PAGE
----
Most companies are looking for people with senior management potential. In their view, MBA graduates have an above-average chance of fulfilling this need, but they are careful not to raise expectations too high. They also want people who can be effective quite rapidly. The many MBA students wanting to change career direction can therefore have difficulties in the short term, whatever their long-term potential. An engineer trying to move over to finance may be successful, but may be restricted to a job as a financial analyst specializing in the engineering sector.
Employers’ recruitment operations are becoming much more short term in response to fast-changing markets and technologies. Companies frequently look for specific mixes of skills, and the mix-1990s, for example, there was a strong demand for German-speaking MBA graduates because companies wanted to introduce a more international culture and to expand into east European countries, where German is widely spoken. This was followed be a demand for graduates able to work effectively in the fast growing markets of China and the Pacific Rim, where candidates needed residence qualifications as well as the appropriate languages.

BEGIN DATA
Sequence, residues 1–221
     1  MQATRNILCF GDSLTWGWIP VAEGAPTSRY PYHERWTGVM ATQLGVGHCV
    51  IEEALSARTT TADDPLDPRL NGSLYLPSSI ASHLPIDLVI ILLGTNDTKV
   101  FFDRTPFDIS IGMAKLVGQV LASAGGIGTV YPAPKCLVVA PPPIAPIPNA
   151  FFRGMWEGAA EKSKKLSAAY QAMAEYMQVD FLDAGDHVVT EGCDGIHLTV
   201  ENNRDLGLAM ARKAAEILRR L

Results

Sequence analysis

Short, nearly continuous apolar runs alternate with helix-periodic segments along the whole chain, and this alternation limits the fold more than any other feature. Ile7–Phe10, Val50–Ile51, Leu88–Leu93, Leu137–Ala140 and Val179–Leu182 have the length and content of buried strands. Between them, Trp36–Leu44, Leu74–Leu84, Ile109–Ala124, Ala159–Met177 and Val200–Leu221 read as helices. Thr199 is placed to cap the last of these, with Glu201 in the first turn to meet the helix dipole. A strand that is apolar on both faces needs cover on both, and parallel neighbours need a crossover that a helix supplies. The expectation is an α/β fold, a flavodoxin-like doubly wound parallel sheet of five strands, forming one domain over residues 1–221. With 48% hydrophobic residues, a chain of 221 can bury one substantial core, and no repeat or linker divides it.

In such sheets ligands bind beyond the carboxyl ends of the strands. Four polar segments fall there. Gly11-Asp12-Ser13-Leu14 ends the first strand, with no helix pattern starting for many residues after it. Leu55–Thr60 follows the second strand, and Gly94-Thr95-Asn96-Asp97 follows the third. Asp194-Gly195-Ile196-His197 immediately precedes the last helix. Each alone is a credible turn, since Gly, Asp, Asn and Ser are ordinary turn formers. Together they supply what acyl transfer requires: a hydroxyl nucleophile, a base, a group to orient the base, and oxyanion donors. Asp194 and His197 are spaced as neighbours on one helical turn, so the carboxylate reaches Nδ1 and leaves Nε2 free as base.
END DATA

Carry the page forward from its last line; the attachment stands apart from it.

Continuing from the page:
Such rapid change was led some careers offices to complain that they have problems trying to work out what employers want, and they suspect that the employers do not know either. They detect a general desire for skills as well as knowledge, and a wish to hire for a specific job rather than a long-term career. All employers are facing change and recruitment policies have to reflect the need for flexibility.
· Companies think that ÌÂÀ graduates have little chance of becoming senior managers.
· Employers want new employees to do à good job quickly.
· If you change career it might be difficult at the start.
· There isn't much change in the skills that employers want.
· In the mid-l99Os employers needed staff who could speak German.
· Career advisors always know what employers want.
· Career advisors think that employers might not know what they want.
· Employers prefer knowledge to skills.
· Employers want to hire employees for à long-term career rather than à particular job.
· In an employment situation where there are lots of changes; it is important to be f1exibIe.
ÌÂÀ graduates people who have à post-graduate degree in business management
Unit 7. Career skills
Numbers are everywhere in business. Sometimes it is important to listen and write down a precise number. You need to check that you have got the number correct, especially on the telephone. Here are some useful expressions for checking:
Sorry – I didn’t catch that.
Do you mean….?
Can you repeat it please?
Sorry, can I just check…?
Did you say….?
Sorry, did you say….?
Sometimes it is enough to give approximate numbers. For example, we can say:
About half a million just under a thousand over two million
Match the polite phrases 1-6 with the replies a-f
1. Can I introduce my colleague? This is Jane Smith.